The Stein Era
Reorienting readers of modernism away from Kenner’s The Pound Era, the introduction explains how Gertrude Stein’s Jewishness underwrites our very understanding of modernism. Literary innovators and critics like Ezra Pound, T. S. Eliot, Wyndham Lewis, and Edmund Wilson resentfully imagined modernism in the image of Stein and implicitly defined modernism as Jewish. Antisemitic Jewish abstractions were not new, however, as evinced by Matthew Arnold’s warnings against what he called modern society’s Hebraism and by racial scientists’ diagnoses of modernity’s Jewish degeneracy. The introduction documents Stein’s life and work as they unfolded against the backdrop of Arnold’s abstractions and changing ideas of Jewish identity. The diaries of Stein’s mother, Amelia (Milly) Stein, detail the Jewish practices of Stein’s childhood in Oakland, California, in the 1880s. Autobiographical and biographical sources document the Jewish thinking of Stein’s young adulthood and college days at Radcliffe and Harvard. The introduction suggests that Stein’s diverse stylistic and aesthetic responses to racial, economic, and cultural ideas about Jews in modernity form a Jewish grammar of modernism.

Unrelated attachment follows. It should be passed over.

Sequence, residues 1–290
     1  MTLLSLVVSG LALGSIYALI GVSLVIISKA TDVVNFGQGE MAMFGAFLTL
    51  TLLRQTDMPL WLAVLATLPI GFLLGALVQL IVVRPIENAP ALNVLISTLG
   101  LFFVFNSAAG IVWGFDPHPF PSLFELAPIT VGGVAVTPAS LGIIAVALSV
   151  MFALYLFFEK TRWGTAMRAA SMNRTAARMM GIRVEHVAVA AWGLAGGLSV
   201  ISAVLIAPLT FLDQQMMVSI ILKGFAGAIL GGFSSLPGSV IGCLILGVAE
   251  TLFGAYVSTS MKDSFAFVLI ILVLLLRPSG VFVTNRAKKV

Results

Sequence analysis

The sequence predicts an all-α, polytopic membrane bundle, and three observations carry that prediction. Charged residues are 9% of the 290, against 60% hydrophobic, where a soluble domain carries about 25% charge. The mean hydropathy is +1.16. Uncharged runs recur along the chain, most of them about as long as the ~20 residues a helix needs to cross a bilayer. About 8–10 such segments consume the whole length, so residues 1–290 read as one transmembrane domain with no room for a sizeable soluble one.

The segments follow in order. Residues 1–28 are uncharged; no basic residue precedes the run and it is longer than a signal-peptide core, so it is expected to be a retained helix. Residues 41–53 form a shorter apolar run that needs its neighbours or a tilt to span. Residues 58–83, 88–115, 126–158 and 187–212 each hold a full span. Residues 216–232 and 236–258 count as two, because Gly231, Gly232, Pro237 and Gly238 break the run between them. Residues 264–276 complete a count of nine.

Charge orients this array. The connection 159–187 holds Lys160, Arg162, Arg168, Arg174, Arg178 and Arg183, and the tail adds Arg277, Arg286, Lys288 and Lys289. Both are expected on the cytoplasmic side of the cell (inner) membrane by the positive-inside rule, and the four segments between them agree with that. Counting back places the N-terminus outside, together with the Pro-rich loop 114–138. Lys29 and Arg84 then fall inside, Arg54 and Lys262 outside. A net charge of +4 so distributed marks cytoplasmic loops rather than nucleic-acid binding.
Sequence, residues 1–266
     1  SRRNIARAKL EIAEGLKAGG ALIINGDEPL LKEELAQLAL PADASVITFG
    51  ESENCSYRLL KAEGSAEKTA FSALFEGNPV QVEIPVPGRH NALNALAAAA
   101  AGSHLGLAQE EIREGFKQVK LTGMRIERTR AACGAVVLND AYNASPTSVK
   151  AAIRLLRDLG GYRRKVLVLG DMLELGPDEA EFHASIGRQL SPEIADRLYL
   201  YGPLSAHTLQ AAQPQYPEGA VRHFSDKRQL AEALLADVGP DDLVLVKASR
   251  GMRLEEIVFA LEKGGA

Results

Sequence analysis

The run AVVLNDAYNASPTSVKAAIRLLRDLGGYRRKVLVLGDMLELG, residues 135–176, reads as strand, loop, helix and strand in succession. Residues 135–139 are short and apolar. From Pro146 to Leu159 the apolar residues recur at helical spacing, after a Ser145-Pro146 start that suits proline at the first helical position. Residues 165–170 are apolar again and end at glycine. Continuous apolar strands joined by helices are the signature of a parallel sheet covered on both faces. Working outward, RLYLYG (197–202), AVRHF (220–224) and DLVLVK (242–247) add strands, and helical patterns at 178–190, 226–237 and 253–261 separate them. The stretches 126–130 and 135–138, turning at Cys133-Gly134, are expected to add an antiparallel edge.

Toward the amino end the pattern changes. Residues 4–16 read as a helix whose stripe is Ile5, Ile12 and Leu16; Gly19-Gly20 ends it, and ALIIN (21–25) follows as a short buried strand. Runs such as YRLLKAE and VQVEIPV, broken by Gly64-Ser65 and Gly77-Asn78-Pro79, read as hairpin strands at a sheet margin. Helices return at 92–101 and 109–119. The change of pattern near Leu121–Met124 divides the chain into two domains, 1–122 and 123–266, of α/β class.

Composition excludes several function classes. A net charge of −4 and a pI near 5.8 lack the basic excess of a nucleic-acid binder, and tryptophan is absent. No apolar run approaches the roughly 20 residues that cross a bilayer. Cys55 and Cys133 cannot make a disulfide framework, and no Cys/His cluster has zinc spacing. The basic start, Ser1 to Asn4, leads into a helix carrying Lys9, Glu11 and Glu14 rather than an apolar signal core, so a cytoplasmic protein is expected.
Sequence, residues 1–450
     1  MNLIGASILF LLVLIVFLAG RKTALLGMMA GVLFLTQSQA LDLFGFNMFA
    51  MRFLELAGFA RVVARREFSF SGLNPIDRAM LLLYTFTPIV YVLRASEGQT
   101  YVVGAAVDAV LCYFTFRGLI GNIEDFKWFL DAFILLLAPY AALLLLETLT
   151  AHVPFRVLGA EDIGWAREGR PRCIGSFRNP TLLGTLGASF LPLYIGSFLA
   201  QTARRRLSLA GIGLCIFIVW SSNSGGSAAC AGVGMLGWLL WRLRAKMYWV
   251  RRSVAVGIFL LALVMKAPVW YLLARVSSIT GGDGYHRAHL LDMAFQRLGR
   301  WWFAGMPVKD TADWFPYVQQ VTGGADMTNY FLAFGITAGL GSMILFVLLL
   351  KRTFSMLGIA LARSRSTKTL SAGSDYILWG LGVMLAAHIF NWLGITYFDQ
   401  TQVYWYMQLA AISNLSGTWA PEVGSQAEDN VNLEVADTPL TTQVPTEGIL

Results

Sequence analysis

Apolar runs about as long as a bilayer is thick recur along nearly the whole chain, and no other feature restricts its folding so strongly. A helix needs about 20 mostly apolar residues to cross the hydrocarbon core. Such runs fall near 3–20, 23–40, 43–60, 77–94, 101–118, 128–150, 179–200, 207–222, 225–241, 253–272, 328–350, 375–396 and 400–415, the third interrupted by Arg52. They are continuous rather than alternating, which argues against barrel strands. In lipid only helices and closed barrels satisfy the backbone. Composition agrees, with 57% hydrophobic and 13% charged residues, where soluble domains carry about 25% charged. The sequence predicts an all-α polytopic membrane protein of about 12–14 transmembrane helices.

Florida Scholarship Online requires a subscription or purchase to access the full text of books within the service. Public users can however freely search the site and view the abstracts and keywords for each book and chapter.
If you think you should have access to this title, please contact your librarian.